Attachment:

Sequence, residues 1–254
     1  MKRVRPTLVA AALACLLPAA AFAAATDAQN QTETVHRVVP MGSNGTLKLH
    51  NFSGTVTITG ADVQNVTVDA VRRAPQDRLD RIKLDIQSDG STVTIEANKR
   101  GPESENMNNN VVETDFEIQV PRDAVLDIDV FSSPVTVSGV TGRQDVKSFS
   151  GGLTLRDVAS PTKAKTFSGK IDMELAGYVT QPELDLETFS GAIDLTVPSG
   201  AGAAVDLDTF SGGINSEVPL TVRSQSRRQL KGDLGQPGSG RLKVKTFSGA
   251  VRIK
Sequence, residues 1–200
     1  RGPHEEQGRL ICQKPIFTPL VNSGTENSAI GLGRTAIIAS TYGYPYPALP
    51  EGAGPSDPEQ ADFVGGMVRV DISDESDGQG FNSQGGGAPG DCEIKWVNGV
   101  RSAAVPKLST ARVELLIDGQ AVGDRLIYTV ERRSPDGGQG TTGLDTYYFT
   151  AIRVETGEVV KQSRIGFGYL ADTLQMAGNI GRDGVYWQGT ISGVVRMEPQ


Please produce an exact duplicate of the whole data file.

Sequence, residues 1–254
     1  MKRVRPTLVA AALACLLPAA AFAAATDAQN QTETVHRVVP MGSNGTLKLH
    51  NFSGTVTITG ADVQNVTVDA VRRAPQDRLD RIKLDIQSDG STVTIEANKR
   101  GPESENMNNN VVETDFEIQV PRDAVLDIDV FSSPVTVSGV TGRQDVKSFS
   151  GGLTLRDVAS PTKAKTFSGK IDMELAGYVT QPELDLETFS GAIDLTVPSG
   201  AGAAVDLDTF SGGINSEVPL TVRSQSRRQL KGDLGQPGSG RLKVKTFSGA
   251  VRIK
Sequence, residues 1–200
     1  RGPHEEQGRL ICQKPIFTPL VNSGTENSAI GLGRTAIIAS TYGYPYPALP
    51  EGAGPSDPEQ ADFVGGMVRV DISDESDGQG FNSQGGGAPG DCEIKWVNGV
   101  RSAAVPKLST ARVELLIDGQ AVGDRLIYTV ERRSPDGGQG TTGLDTYYFT
   151  AIRVETGEVV KQSRIGFGYL ADTLQMAGNI GRDGVYWQGT ISGVVRMEPQ